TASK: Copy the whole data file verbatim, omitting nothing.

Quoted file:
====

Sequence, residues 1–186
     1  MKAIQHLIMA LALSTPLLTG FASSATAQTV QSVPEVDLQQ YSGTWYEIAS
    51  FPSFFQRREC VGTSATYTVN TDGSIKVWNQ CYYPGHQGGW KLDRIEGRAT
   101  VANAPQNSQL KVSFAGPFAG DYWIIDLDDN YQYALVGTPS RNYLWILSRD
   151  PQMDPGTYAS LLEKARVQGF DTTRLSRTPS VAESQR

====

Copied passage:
Sequence, residues 1–186
     1  MKAIQHLIMA LALSTPLLTG FASSATAQTV QSVPEVDLQQ YSGTWYEIAS
    51  FPSFFQRREC VGTSATYTVN TDGSIKVWNQ CYYPGHQGGW KLDRIEGRAT
   101  VANAPQNSQL KVSFAGPFAG DYWIIDLDDN YQYALVGTPS RNYLWILSRD
   151  PQMDPGTYAS LLEKARVQGF DTTRLSRTPS VAESQR